The Fuddleduddle Campaign

It is very much known to readers of this blog that I find Rudy Giuliani to be the most repugnant individual to have entered the Republican primary race this past year. I rank him above Mrs. Hillary Clinton in terms of idiocy and potential detriment to the United States of America, only because of his brutish foreign policy outlook. Giuliani’s chief foreign policy advisor, Charles Hill, an IR professor at Yale, is featured (as he has been on previous occasions) in the Yale Daily News.* I have nothing special against Mr. Hill, other than that I do disagree with much of his world view, but not to the extent that I disagree with dreadful fuddleduddle that Mr. Giuliani himself regularly vomits when discussing foreign affairs.** The piece centers around Hill’s reflections on Giuliani’s welcome failure.

One bit seems rather strange:

The candidate’s focus on Florida — at the expense of campaigning in the early primaries — was a mistake, Hill said in an interview with the News on Friday. But it was also part of a larger failure on the part of Giuliani’s communications staff to engage the media and, through them, the American public, Hill said.Hill pointed to a foreign-policy speech Giuliani gave in September as emblematic of the campaign’s inability to draw attention to its candidate.

“Giuliani gave a speech in London that was a very serious and impressive speech,” Hill said. “It got very good press in London, and got no press here at all. Things that were done were not reported very well, and that, I think, was the fault of the communications team itself.”

These two problems, combined with debate formats that “trivialized and demeaned” and “swallowed … any attempt to stand out,” Hill said, left Giuliani with almost no public exposure.

“When the media was gearing up and becoming totally focused on the early primaries, they gave Giuliani almost zero coverage because he wasn’t a factor,” he said.

First, the reason that Mr. Giuliani’s speech was given more coverage in London than in the States is because it was given on foreign soil. A marginal candidate who travels abroad to make a major policy speech does not deserve the same attention that he would have gotten had he made it in his home country, no matter how “impressive” it was. Giuliani put himself in an even more marginal position by campaigning internationally when he should have been on the campaign trail at home. He should have made the speech in New York, or Washington, or Florida, or some place politically relevant to the primary. That was terrible planning on the campaign’s part. Giuliani does not and did have the clout to affect the primary race from the opposite side of the globe. For him to have believed that he did smacks of hubris.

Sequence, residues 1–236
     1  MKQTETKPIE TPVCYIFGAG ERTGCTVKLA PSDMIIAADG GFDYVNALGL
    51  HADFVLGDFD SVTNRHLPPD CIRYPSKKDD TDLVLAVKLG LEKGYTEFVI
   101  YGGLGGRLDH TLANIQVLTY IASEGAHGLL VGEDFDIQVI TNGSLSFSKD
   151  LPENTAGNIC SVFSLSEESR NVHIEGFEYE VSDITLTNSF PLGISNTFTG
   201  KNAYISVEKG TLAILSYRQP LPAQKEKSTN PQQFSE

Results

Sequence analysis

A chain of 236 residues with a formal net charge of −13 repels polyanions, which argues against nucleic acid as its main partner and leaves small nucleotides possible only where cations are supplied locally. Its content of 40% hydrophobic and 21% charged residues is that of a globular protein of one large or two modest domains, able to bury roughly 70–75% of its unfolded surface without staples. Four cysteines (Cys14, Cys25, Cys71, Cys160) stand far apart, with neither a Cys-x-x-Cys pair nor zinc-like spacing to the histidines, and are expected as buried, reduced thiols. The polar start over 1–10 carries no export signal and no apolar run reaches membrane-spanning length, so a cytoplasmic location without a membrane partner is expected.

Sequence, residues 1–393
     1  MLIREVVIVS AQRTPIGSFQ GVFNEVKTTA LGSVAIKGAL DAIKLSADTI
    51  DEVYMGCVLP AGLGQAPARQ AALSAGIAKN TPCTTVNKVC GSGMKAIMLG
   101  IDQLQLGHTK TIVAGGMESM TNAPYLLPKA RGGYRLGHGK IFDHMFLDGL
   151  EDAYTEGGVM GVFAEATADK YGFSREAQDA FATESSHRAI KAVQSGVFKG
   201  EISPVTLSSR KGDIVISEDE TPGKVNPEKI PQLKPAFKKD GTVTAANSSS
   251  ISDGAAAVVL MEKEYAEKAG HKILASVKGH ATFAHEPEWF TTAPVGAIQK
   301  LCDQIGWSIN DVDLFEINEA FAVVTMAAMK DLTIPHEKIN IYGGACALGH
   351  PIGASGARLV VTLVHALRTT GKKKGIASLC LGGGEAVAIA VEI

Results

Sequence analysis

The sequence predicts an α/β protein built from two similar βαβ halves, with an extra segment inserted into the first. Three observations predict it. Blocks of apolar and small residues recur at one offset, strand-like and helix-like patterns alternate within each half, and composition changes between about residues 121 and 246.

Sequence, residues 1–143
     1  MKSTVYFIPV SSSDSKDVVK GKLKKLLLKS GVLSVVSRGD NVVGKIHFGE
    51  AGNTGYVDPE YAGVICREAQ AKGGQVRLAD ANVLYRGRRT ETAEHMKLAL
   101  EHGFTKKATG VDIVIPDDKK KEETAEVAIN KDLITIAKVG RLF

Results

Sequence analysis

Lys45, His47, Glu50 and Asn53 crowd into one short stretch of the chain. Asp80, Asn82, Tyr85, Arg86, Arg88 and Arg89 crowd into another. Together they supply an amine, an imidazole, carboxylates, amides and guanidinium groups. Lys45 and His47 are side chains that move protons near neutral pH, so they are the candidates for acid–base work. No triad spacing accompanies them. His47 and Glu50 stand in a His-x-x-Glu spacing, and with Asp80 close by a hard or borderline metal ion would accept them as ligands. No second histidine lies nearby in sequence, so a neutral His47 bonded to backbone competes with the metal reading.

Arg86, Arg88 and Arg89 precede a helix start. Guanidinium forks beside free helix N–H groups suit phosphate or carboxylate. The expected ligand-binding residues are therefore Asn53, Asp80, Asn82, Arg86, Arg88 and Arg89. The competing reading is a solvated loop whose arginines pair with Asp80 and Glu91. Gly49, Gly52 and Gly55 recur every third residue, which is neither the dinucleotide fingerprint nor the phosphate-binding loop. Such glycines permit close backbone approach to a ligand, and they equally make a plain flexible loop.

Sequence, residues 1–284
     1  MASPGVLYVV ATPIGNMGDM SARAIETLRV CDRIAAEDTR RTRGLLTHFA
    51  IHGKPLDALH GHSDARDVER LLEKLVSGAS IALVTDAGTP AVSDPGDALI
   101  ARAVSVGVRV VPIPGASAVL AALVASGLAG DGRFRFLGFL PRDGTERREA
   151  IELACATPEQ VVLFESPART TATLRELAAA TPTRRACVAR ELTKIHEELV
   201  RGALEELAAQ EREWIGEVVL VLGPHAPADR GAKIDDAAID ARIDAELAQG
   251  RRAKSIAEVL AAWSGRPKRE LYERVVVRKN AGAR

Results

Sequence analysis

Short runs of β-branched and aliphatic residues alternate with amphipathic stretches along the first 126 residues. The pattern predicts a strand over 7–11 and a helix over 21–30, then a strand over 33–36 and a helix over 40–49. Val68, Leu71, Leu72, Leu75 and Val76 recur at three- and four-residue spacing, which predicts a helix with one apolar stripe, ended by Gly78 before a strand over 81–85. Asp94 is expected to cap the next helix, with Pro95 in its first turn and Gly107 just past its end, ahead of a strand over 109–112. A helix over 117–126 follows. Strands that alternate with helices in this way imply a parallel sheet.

Secondly, Hill hits it on the nose when he says that Mr. Giuliani “wasn’t a factor”. What surprised me throughout the race was that the press gave so much coverage to Giuliani when he was so unpopular and often came in behind even more fringe candidates, such as Ron Paul. That both candidates were from the very beginning destined for failure and that Mr. Giuliani received so much more attention that Dr. Paul sounds more illustrative of bias than there being some plot against the Giuliani campaign itself. The hostility in terms of media seems to be towards small candidates in general. If a candidate deviates too far from the established policy consensus, he can expect to be brushed aside by the major news and policy outlets.

On to another matter. I was puzzled by some of the wording in Passport’s post about the passing of Representative Tom Lantos: “A former Holocaust survivor, Lantos was one of Congress’s most-outspoken advocates of human rights.” How does one get to be a “former Holocaust survivor”? Does this quality erode as a result of time spent in the Congress?

* [ Why is it that once I leave interesting things happen in New Haven? The Orientalist exhibit is in town at the British Art Museum, having arrived after I left for break and preparing for departure before I return for the summer. ]

** [ I have been told by friends that take classes with Professor Hill that his teaching is quite good, and his classes generally free of fuddleduddle. ]


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